Whose tea was spilt on the steps I can’t remember. Dacre Watson had left by then. I think Fisher was head of house, with Crowther, Acons, Stobart and Peel among those in Senior Studies. I think there may have been about twice that number, but can’t remember any more names.

If anyone had kept a selection of cars owned by parents and staff, they would make a magnificent collection now. Most parents favoured the new Rover and Triumph 2000s, with a sprinkling of Zephyrs and Zodiacs. Second cars were sometimes Triumph Heralds, or the new Ford Anglia with the cut-off back window, which would be used by parents when brand new to show off to their offspring.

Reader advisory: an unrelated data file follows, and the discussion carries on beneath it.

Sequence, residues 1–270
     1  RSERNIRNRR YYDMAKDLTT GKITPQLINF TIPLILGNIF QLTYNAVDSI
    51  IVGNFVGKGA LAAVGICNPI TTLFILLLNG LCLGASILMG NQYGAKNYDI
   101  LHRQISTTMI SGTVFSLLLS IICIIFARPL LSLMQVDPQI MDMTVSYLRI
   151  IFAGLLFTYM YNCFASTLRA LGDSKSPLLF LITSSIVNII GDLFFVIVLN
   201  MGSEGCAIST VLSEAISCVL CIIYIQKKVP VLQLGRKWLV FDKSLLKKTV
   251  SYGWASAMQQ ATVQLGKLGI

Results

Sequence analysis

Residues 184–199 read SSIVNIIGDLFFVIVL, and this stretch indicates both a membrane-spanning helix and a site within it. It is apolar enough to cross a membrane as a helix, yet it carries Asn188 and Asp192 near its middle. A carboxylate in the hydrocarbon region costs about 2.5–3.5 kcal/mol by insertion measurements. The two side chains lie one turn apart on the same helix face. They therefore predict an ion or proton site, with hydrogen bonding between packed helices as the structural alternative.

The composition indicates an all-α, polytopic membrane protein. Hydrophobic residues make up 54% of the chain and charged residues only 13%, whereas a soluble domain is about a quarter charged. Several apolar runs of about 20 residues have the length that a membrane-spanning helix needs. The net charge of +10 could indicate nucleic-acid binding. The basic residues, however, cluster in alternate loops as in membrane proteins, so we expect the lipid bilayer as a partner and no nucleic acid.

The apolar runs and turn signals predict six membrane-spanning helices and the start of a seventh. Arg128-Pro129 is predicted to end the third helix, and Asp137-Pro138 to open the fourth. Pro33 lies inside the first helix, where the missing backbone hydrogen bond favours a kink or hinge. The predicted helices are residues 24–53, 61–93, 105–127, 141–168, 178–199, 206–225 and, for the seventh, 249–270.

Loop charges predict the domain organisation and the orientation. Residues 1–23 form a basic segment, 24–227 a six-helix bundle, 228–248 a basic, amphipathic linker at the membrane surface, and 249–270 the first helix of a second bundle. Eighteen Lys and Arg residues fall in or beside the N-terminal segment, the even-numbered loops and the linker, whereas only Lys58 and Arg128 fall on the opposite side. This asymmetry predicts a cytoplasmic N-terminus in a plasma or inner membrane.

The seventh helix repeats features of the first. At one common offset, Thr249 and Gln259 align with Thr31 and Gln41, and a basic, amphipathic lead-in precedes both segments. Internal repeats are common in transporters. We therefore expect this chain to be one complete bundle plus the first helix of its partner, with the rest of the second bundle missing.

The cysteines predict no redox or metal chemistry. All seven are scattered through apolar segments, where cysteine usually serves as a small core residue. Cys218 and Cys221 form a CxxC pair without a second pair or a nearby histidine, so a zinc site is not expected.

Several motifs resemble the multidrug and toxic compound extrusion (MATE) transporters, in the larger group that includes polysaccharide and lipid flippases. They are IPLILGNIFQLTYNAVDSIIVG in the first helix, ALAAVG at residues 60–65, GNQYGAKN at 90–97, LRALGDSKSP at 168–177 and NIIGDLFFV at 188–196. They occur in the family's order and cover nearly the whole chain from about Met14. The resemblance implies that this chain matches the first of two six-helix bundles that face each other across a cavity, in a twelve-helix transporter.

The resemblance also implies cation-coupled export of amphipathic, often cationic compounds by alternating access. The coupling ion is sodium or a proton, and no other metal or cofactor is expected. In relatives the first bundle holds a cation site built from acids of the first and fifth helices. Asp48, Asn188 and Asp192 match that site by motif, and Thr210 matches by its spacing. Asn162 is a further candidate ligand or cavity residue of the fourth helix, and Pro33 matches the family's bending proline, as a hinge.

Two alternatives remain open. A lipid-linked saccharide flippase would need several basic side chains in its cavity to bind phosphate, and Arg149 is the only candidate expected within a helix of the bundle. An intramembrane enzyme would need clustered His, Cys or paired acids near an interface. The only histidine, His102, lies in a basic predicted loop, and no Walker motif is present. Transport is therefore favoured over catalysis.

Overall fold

Mr Lever had a magnificent two-tone blue Mark V111 Jaguar. ‘Butch’ Broadhurst had a black slab fronted Rover 75. That series of Rover was very popular. I think T.A. Brown had one. Bill Fox, the Bursar, had a green one and certainly ‘Don’, the choirmaster. His may have been a Rover 90. It started off black, I think, but the rumour was that Don couldn’t be bothered washing it, so it went into Brownrigg’s garage for a respray and came out pearly grey.

The Austin Cambridge / Morris Oxfords were popular too.
‘Lem’ Parkinson bought a new one of which he was inordinately proud. Then, as we all find when we buy a car, he saw them everywhere. ‘Candidly, ye hounds, everybody has one!’ Mr Croft had a smaller Riley, with a very posh interior, which was always kept gleaming.

Another car that I admired was Sir Frank Schon's Rolls Royce. Sir Frank owned what I think is now a hotel on Main street and could often be seen being chauffeured, presumably to his Marchon works in Whitehaven.